is a Proud Partner of Avant Money

Avant Money (formerly known as Avantcard) launched today and confirmed its new mortgage products are now available to Irish customers, with fixed rate mortgages starting from 1.95%, by far the lowest rate in the market today.

The company has been providing credit cards and personal loans to Irish consumers for over twenty years. Avant Money is owned by Spanish banking group Bankinter, which also has operations in Portugal and Luxembourg.

We, at, are proud to announce that we are one of Avant Money’s partners and we are here to guide and advise switchers, movers and first-time buyers on the range of these new products.

Joey Sheahan, Head of Credit, and author of The Mortgage Coach says:

Avant Money’s entry into the Irish market is the best news for Irish mortgage holders. We have long seen European rates well below 2% compared to closer to 3% for Irish mortgage holders, and now, for the first time since before 2008, rates below 2% are available to homeowners in Ireland. It’s a once in a decade or maybe even 2 decade opportunity where a new lender enters the Irish market and reduces interest rates to this extent. We are delighted to be one of Avant Money’s partners and our advice to mortgage holders is now is the time to review their current mortgage, even if they have done so recently. A mortgage holder with €300,000 outstanding with 32 years remaining and Loan to Value of below 60% can save €158 monthly or €60,000 over the term of mortgage based on reducing interest rate from 2.95% to 1.95%”.

If you would like to talk to Joey about your particular situation complete the form below:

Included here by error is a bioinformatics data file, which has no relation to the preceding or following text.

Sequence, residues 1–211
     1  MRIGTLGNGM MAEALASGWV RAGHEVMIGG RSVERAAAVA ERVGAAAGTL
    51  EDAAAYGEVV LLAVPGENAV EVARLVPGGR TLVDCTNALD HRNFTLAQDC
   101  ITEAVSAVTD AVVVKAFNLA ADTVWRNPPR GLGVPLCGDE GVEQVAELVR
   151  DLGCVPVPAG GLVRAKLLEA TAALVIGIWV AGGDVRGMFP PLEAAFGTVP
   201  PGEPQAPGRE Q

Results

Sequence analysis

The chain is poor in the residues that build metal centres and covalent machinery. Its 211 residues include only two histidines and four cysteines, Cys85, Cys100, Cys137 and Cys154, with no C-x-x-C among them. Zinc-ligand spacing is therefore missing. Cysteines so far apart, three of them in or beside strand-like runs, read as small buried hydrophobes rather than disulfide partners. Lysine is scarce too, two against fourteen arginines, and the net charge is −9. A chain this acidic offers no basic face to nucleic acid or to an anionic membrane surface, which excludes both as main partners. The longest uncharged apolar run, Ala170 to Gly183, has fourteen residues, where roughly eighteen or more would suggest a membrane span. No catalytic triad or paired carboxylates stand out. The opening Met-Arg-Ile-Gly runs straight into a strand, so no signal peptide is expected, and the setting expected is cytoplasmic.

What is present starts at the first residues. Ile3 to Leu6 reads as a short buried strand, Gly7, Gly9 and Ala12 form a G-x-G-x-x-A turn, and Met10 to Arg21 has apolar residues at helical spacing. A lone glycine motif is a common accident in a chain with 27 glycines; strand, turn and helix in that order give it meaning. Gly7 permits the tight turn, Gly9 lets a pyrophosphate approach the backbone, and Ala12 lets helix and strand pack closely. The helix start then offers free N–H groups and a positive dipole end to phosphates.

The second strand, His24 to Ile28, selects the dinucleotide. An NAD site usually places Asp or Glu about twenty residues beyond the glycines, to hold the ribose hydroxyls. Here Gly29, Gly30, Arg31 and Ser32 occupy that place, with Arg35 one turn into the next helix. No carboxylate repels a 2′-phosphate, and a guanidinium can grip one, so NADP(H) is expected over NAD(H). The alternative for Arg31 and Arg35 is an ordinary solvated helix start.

Would you like to work with We have 2 new positions open within our busy team.  Due to the continued growth of our business, we’re looking for Mortgage Administrators to join, one of Ireland’s most active Mortgage Brokers. The positions will be based in our Cork office.


The role of Mortgage Administrator involves:

Management of client applications for residential and residential investment mortgages.

Communication between lending institutions, valuers, clients.

General Administration as required i.e. filing, computer inputting, file upkeep, phone/reception etc.

Facilitating client and key advisor account requirements (solicitors, auctioneers, accountants, etc.).

Submit applications here 

View the full job spec here

MyMortgages are currently securing deals for people in your situation. 
If you would like to speak with Joey regarding your situation, fill out the form below: 

Shortlisted in Finance Category of Irish Content Marketing Awards 2020

Posted on 10Jun is honoured to be shortlisted in the Finance category of the Irish Content Marketing Awards 2020.

We’ll have to keep our fingers crossed until the 12th November, but in the meantime congratulations to the other finalists in the category Central Bank of Ireland, Aviva, Davy and Allianz Partners.

Click here to see contenders in all Award Categories.



Below is an excerpt from an interview with Joey Sheahan from on 96FM with PJ Coogan, discussing the possibility of getting mortgage approval while in receipt of Covid-19 state payments. See link below to hear the full interview.

‘…..Can you get a mortgage approved ? Yes you can. If your employer is on the Wage Subsidy Scheme or if you are on the (Pandemic) Unemployment Benefit, yes you will still get approved.